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Interpreted Kol Nidre Service - Manhattan, NY

14thStreetYT&V Synagogue is hosting an interpreted Kol Nidre Service.

Friday Evening, October 7th
6:00pm
14th Street Y
344 E. 14th Street
Manhattan, NY

Price: Free
Phone: (212) 677-0368 Voice
Email: This email address is being protected from spambots. You need JavaScript enabled to view it.
Age Suitability: All Ages

(Schedule is subject to change.)

Reservations is strongly suggested. Send email to This email address is being protected from spambots. You need JavaScript enabled to view it. listing names of people attending the service and their email addresses. Donation to help cover the cost of interpreters is greatly appreciated.

Other interpreted services:
Saturday morning, October 22nd at T&V, 334 East 14th Street, Manhattan, NY - celebrating an "Aufruf", a special ceremony for a couple soon to get married.

Source: Email from Bram Weiser

Salute to Youth: Recent grad shows concern for others

JonRubenWritten by Carol Katzman, Contributing Writer
Thursday, 25 August 2011 11:30
The Kansas City jewishchronicle

It would be easy to assume that recent Blue Valley North graduate Jon Ruben would major in business in college. After all, he won state and regional awards three years running in annual competitions sponsored by the Future Business Leaders of America. But his experience as a paraprofessional for Sasone for students with learning disabilities at Congregation Beth Shalom helped to shape his college goals.

Patti Kroll, the religious school director at Beth Shalom’s Polsky Religious School, nominated Jon. She described him as “mature beyond his years,” and added, “He cares deeply for the students and wants to continue to do what is best for the educational program.”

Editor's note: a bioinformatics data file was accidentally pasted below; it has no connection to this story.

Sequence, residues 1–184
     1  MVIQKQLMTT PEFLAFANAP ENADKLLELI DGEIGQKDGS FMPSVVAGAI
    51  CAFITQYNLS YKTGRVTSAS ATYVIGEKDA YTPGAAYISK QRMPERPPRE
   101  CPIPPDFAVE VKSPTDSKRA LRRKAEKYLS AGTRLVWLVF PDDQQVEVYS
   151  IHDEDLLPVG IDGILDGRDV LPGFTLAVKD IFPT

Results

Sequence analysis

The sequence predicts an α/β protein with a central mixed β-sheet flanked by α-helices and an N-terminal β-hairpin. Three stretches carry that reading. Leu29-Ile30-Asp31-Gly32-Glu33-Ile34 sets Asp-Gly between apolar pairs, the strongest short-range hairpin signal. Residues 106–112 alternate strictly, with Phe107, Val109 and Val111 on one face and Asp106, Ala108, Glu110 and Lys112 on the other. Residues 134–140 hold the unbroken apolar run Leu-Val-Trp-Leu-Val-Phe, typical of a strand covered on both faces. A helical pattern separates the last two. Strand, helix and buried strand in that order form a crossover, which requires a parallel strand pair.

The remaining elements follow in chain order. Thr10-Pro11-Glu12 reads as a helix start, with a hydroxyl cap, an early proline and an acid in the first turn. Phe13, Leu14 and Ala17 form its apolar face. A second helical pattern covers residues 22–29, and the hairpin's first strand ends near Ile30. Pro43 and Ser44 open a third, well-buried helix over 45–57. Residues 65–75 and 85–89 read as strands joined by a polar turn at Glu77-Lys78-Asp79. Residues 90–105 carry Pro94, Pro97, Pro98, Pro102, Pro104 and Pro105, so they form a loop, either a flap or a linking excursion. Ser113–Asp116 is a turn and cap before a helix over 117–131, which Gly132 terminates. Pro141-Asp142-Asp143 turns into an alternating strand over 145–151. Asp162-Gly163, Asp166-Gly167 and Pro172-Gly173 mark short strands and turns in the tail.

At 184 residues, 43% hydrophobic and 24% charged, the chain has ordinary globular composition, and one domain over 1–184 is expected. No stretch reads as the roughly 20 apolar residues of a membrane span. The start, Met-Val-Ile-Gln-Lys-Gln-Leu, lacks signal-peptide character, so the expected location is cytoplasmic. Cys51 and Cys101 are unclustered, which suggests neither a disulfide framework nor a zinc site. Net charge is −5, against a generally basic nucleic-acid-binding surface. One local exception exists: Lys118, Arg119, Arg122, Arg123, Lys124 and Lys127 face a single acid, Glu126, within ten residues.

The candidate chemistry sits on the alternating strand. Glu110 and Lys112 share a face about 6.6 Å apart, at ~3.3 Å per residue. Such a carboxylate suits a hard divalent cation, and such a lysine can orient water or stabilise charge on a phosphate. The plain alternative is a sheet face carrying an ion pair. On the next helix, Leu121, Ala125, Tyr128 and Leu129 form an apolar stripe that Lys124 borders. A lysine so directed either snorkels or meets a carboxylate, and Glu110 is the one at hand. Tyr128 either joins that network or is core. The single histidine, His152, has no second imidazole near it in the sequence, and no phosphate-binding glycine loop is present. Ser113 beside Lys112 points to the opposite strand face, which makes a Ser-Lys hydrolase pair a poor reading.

“When I was a freshman and a sophomore, I was considering a major in business,” he said in a recent interview. But his high school physics and calculus teachers suggested he consider STEM (science, technology, engineering or math) as a career goal. So now his dream is to be a college physics or math professor.

Of course other experiences have added to that decision: years of attending Camp Herzl in northern Wisconsin led to a position as OZO this year. A highly selective position, former campers compete against one another for these coveted staff jobs. “Working as a staff member and volunteering as an OZO allows me to give back to the camp that has been so great to me over the years,” Jon explained. “I think that I have the best job in the world!”

He has spent six of the last seven years at Herzl, but his many years as a student in the Polsky Religious School made him take a chance on a trip to Israel. Two summers ago, he went there with the USY Pilgrimage, skipping a summer at Herzl. “I went on the trip not knowing anyone, and I went away with so many close friends! It was truly wonderful to experience all of the places that I had learned of and studied over the years at Beth Shalom’s religious school,” he said. “From that experience, I was able to experience Judaism first hand, in the Jewish homeland.”